July 13, 2009 in City

Sims happy being No. 2

Former King County chief is new deputy secretary at HUD
Associated Press
 

WASHINGTON, D.C. – Ron Sims has a new job in a new city. But he’s still promoting an old pet cause.

During his 12 years as King County executive, Sims earned a national reputation as an advocate of “smart growth” – compact, walkable, transit-friendly development with a mix of offices, shops and homes.

Proponents contend it’s part of the solution for everything from traffic congestion and obesity to global warming and sprawl.

Now Sims is the new No. 2 at the U.S. Department of Housing and Urban Development. He’s also one of the point men on smart growth for an administration embracing it more fervently than any of its predecessors.

His track record on smart growth helped land him the post as HUD’s deputy secretary, Sims said. Now part of his job is to persuade more state and local governments to explore it and to make sure federal regulations don’t get in their way.

“We’re no longer a housing agency,” Sims said of HUD. “We’re a community-development agency.”

Championing smart, sustainable development is just part of the portfolio Sims has assumed since he quit his county job in May and moved to the other Washington.

During a recent interview in his new office overlooking the Potomac River, he admitted he still gets lost sometimes in the corridors of HUD’s vast headquarters building.

He said former Gov. Gary Locke, now Commerce secretary, sits next to him sometimes when Cabinet members and their top deputies meet.

And he vowed to stay out of the contest to fill his old job. “They have five good candidates. I know and respect them all,” Sims said. HUD, a traditionally low-profile department, suddenly finds itself in the spotlight, thanks to the mortgage crisis. Sims’ boss, Secretary Shaun Donovan, and other administration officials have rolled out plans aimed at averting foreclosures and keeping people in their homes.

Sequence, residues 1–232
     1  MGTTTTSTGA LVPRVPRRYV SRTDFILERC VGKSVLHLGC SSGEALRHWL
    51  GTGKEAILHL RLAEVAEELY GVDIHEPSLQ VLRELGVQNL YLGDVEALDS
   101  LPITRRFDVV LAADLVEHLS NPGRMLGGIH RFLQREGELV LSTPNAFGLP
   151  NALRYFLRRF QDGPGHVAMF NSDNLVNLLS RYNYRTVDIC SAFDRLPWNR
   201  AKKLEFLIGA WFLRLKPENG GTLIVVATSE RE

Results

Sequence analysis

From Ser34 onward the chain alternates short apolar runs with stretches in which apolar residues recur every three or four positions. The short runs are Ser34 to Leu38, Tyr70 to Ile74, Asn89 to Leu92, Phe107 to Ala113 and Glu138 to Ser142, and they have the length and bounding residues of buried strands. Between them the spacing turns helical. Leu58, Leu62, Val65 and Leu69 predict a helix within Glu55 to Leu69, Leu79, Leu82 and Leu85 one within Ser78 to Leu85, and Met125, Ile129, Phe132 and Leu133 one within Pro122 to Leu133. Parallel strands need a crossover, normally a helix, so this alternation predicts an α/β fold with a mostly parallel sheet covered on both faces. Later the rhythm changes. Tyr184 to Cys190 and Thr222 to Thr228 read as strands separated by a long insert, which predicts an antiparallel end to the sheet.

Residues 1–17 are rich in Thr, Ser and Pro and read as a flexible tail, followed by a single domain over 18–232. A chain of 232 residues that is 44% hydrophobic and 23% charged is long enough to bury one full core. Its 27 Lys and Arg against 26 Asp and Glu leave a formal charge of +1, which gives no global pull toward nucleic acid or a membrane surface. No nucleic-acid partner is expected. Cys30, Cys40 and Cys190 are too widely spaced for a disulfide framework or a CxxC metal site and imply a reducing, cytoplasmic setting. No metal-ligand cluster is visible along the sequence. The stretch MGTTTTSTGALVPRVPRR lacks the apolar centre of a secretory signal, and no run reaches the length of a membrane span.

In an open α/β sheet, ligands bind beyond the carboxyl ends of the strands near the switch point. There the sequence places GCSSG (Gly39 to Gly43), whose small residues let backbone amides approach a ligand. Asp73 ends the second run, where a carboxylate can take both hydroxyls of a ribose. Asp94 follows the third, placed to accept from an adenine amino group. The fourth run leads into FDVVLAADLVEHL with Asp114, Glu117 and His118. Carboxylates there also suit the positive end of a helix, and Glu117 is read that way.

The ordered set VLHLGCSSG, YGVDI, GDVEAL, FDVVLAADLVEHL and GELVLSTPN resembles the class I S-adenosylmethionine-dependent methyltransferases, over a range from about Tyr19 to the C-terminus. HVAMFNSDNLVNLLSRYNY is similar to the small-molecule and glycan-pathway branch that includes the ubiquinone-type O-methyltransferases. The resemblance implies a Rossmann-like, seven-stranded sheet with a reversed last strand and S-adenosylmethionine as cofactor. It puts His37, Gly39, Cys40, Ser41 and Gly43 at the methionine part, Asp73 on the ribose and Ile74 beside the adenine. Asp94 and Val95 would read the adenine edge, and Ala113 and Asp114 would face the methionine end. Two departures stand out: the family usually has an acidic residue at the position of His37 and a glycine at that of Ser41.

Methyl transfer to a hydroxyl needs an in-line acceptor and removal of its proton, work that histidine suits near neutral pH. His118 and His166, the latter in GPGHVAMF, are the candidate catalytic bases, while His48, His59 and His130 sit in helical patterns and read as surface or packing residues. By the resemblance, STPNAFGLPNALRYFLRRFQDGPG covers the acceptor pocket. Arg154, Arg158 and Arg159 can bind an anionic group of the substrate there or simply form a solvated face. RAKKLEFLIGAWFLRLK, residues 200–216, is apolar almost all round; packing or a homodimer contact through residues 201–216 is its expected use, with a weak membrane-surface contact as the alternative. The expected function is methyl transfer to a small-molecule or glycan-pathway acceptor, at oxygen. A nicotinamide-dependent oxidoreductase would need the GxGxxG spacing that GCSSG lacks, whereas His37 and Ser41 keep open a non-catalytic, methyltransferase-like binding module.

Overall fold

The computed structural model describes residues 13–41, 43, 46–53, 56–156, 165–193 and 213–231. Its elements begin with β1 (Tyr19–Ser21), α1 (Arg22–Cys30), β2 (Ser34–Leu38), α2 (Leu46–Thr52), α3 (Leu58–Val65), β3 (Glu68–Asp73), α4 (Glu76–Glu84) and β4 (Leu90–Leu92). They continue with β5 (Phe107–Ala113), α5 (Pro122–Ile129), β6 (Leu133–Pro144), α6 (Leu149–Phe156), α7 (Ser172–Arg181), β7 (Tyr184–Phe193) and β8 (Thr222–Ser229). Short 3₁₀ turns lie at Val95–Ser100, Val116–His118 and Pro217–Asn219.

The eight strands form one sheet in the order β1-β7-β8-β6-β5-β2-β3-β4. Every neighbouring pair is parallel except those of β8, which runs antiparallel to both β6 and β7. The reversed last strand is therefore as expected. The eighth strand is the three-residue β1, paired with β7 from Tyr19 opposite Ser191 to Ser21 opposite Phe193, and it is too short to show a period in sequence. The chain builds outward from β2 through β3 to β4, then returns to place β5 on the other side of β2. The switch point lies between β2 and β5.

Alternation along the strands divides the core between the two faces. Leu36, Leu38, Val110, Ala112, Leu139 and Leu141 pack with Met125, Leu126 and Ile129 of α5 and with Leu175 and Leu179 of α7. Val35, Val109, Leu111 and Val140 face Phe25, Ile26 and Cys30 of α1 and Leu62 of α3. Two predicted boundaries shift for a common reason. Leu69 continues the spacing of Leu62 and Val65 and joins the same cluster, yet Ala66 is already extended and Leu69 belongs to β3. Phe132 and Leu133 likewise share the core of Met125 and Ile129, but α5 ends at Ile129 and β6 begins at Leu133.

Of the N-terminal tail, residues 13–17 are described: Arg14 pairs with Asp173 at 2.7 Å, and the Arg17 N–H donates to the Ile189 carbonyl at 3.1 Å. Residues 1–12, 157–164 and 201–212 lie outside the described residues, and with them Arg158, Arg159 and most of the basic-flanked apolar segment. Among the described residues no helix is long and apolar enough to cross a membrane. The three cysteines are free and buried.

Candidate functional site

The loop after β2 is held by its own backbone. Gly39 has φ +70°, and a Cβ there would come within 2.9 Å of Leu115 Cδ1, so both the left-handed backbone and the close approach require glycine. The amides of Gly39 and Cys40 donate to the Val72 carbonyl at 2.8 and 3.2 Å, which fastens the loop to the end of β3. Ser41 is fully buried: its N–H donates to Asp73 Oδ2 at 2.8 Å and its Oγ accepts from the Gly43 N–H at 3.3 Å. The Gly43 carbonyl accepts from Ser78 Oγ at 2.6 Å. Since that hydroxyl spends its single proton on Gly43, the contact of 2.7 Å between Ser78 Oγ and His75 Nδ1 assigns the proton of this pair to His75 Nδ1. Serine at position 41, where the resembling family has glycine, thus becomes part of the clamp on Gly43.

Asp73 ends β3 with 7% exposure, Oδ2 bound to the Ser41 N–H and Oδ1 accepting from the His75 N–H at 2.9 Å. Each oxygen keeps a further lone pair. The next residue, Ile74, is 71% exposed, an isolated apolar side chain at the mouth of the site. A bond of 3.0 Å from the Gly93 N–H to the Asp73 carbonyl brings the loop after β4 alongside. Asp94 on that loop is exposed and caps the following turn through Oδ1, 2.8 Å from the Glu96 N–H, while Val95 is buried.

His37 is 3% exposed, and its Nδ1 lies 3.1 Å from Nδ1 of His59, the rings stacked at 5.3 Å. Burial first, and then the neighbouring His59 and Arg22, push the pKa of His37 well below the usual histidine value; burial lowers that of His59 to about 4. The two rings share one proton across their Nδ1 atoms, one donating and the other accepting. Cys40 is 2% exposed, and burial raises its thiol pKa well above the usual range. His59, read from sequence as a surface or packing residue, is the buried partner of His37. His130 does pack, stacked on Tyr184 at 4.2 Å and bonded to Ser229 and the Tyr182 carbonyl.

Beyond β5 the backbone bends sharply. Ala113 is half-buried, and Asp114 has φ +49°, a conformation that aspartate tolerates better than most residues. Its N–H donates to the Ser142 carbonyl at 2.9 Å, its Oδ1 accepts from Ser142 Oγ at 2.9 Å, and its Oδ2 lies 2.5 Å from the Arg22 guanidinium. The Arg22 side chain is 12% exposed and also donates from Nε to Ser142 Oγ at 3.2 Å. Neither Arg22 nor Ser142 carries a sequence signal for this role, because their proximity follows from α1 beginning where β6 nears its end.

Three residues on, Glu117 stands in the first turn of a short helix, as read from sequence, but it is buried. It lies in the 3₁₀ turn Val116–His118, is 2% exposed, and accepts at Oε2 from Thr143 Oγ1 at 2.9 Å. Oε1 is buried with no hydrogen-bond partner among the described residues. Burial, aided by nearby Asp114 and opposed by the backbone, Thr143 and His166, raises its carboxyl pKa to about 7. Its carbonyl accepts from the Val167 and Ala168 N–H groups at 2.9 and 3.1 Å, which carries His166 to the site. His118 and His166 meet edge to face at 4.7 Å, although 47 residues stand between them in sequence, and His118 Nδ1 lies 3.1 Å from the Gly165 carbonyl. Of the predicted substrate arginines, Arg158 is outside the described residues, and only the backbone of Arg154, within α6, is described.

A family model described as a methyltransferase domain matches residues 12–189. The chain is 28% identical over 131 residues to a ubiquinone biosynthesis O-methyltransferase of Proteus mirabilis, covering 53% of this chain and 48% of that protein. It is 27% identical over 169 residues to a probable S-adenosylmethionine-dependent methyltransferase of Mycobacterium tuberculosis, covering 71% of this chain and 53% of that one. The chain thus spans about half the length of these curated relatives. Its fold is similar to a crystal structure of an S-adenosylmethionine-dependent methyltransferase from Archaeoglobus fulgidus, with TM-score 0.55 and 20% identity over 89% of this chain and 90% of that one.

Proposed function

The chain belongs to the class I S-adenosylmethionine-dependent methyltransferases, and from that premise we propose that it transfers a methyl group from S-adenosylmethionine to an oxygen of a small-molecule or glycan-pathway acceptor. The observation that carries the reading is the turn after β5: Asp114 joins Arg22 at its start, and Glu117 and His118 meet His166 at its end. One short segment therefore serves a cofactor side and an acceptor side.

Sims said it’s part of his job to make sure HUD’s bureaucrats carry out those plans, which critics contend aren’t having much impact yet. The deputy secretary supervises the department’s day-to-day operations.

But Sims also has been given responsibility for some policy initiatives, smart growth among them.

The Obama administration’s support for the idea is unprecedented, advocates say. Donovan, Transportation Secretary Ray LaHood and Environmental Protection Agency Administrator Lisa Jackson laid out plans to work together to promote it at a Senate hearing last month.

Pat Callahan, of the Seattle-based Quality Growth Alliance, said their joint appearance signaled “a different, rational approach to growth in America.”

Sims’ growth-management initiatives in King County didn’t meet with universal approval, especially his moves to limit development in rural areas – the flip side of more density in cities.

But Sims said the Obama transition team knew of his record and brought it up when it first contacted him in November about a possible job.

It isn’t the federal government’s role to tell states and local governments how to plan or regulate land use, Sims said. “Even I would bristle at that.”

Instead, he said, HUD intends to use federal grant dollars to “stimulate and encourage” them to adopt new approaches.

The department’s proposed 2010 budget includes $140 million to help local governments adopt new plans and rules that better integrate housing, land use and transportation. The grants would be administered in part by a new office that reports to Sims.

Sims said he hopes some of the money will explore how to better provide affordable housing in new “smart” communities. That’s been a shortcoming, he acknowledged.

He’s also in charge of a new effort to identify legal and regulatory barriers within HUD that inadvertently impede smart growth and sustainable development.

Sims doesn’t leave this part of his job at the office. He chose the neighborhood where he’s living in Arlington, Va., in part because it’s a smart-growth community, near transit and a bike path.

Sims said his shift from No. 1 in a big county to No. 2 in a big federal agency has been relatively smooth. He’s traveling more and working longer hours than when he was county executive.

“But I actually sleep better and I’m losing weight, because I tend to eat when I’m nervous. I don’t have to worry about a lot of things now.”

For instance?

Re-election, Sims said.

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